PMA Podcast Transcript: Episode 9, 10-Minute Play Festival: Unbound
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Chris: Hello, and welcome to episode 9 of the PMA podcast. I am your co-host today, Christopher Christensen. Today joining us in the Black Box Theatre is Lindsey White. Lindsey, say hello.
Lindsey: Hello everyone. So I am the Communications Manager for the Department of Performing and Media Arts, so I am thrilled to be here with Chris today and two of our guests. Chris, do you want to go ahead and introduce them?
Chris: Sure. So we’ve got Julia Dunetz. Julia, tell us a little bit about yourself.
Julia: Hi everyone. Um, I’m Julia. I’m a junior right now at Cornell, um, and I’m one of the two co-producers of this year’s 10-Minute Playfest.
Chris: Fantastic, and Sam Blake.
Sam: Good morning. I am a second-year PhD student here in the Performing and Media Arts department, and I am the other co-host—or co-
Sam: [Continued] the other co-producer.
Chris: Well it is your second time on the podcast, right?
Sam: That’s right.
Chris: Or no, your third time on the podcast?
Sam: Third time? No, second time.
Chris: No, just second time?
Sam: Second time.
Chris: Okay, so you’re jumping up to co-host already.
Sam: I know, I know.
Chris: We’ve got three co-hosts.
Sam: Look out.
Sam: It’s going to be intense.
Chris: So why are we here? What are we talking about today? 10-Minute Playfest?
Sam: 10-Minute Playfest.
Julia: 10-Minute Playfest.
Chris: Alright, and, uh, what’s the title of it?
Lindsey: 10-Minute Playfest: Unbound. It’s opening in two days. Um, we’re recording this on a Tuesday so, uh, it’s opening Thursday, uh, September 28, um, here in the Black Box Theatre at the Schwartz Center, and it’s running—we’ve got a Thursday night show at 7:30, Friday at 5:00 p.m., and Sunday, October 1 we’ve got two shows: a matinee at 2:00 and then an evening show at 7:30.
Chris: How we doing on ticket sales?
Lindsey: We are doing pretty great. Um, the Friday show is nearly sold out, so get those tickets soon. I know there are some still available, especially for Sunday’s two shows. Um, so there’s definitely a chance to still jump on that and you can get those, um, they’re $5 for all tickets at schwartztickets.com, or you can come to the Box Office from Monday to Saturday, 1 to 8 the Box Office is open.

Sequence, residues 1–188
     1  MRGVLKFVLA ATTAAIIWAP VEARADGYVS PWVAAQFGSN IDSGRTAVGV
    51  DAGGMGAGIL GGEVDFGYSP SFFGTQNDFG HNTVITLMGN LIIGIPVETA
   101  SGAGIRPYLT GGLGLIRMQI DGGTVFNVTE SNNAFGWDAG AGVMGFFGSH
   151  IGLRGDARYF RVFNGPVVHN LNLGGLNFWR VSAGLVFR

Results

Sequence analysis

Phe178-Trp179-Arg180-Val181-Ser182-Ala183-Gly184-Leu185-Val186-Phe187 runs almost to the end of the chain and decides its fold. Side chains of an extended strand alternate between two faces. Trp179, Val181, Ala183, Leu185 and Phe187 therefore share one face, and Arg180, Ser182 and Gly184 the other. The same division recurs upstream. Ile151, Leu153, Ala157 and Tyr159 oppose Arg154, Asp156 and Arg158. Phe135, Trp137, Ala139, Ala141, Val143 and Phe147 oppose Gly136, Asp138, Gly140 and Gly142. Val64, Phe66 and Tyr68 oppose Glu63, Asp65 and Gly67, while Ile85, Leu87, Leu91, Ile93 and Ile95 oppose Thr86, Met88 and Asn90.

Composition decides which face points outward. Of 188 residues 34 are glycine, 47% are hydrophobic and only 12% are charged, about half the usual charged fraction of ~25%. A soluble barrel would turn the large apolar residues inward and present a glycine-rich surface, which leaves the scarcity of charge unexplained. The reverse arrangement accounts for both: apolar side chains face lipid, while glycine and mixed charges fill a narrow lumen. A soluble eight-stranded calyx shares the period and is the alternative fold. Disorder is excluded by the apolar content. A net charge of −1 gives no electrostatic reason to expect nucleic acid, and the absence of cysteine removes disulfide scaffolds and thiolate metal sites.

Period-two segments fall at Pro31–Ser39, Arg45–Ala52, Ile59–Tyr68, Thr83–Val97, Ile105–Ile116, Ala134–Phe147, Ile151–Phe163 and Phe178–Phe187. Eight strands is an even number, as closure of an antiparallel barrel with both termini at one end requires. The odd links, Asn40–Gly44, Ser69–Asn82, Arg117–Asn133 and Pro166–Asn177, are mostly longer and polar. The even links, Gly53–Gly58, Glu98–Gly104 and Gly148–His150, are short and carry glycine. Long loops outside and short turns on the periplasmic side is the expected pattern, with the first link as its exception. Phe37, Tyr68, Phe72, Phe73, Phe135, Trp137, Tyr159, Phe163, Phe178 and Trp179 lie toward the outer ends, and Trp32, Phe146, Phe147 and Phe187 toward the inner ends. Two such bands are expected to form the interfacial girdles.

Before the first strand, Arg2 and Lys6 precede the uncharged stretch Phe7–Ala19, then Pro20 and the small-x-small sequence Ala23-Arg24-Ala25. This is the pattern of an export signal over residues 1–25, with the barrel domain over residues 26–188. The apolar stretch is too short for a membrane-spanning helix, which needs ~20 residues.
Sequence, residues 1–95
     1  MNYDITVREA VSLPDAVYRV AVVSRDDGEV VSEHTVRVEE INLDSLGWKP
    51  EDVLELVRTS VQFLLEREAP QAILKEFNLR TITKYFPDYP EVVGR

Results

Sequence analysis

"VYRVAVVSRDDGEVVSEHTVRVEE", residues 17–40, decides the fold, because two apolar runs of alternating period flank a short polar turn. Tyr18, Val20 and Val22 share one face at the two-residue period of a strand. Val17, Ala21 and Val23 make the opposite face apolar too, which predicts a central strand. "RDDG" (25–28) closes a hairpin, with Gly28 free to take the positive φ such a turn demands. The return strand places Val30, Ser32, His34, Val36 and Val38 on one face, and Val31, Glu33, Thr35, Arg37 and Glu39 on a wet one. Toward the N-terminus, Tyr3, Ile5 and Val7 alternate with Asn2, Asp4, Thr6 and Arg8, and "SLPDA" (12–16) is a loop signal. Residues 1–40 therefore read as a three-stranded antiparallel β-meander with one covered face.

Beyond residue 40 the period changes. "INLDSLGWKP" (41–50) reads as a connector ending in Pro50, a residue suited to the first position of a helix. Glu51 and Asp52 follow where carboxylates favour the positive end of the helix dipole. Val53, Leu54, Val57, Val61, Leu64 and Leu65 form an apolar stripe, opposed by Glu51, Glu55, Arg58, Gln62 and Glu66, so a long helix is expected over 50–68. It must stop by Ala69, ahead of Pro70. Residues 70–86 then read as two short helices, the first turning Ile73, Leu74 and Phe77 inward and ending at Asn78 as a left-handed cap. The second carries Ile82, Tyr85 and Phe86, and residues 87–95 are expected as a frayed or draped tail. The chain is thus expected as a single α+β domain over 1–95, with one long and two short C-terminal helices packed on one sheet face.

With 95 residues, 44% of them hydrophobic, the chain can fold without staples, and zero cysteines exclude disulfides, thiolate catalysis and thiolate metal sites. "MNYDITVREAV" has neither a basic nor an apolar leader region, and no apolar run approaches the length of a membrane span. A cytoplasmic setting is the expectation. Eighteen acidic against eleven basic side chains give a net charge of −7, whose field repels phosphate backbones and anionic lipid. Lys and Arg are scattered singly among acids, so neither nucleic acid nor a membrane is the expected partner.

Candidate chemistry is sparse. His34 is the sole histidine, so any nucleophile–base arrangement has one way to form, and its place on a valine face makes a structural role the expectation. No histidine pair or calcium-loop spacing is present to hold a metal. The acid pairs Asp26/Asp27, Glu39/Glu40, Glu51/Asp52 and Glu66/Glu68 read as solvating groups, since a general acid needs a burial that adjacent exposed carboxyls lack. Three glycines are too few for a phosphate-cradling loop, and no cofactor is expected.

Chris: Well, tell us a little bit about the play—plays, plural.
Sam: Plays, yes. Six of them, actually.
Sam: All student-written—Cornell students. A mix of graduate and undergraduate, um, student writers, um, a mix of undergraduate and graduate directors, um, two graduate dramaturgs, and um, a bunch of undergraduate and at least one—
Julia: And graduate actors, yeah.
Sam: And graduate actors.
Julia: It’s a fun mix. I mean, there’s probably over thirty people involved in the entire production.
Julia: Um, and then together we have, uh, six ten-minute plays altogether, and it’s really exciting. It’s really coming together right now.
Sam: Yeah, it’s—what really excites me about 10-Minute Play Festival every year is that it both seems to be a great venue to bring, uh, people who have not been connected to the department before in, in some capacity, whether they’re performing for the first time or helping out with tech. Um, a lot of first-years find themselves in roles in 10-Minute Playfest and then continue to do work in the department. Um, some even become minors and majors.
Sam: And, um, it’s also—really the only space for this kind of collaboration across graduate and undergraduate programs. I mean, there are other, um, shows that graduate students direct, but to have this like mix of actors, directors, producers now, I mean, this is the first time it’s being co-produced, but it’s been a phenomenal experience, so um—
Julia: Yeah, I mean, it’s been really fun, um, because Sam and I really have different styles. Um, I think it’s nice that we can work together and, uh, I think we really complement each other in our producing styles, which has been really fun.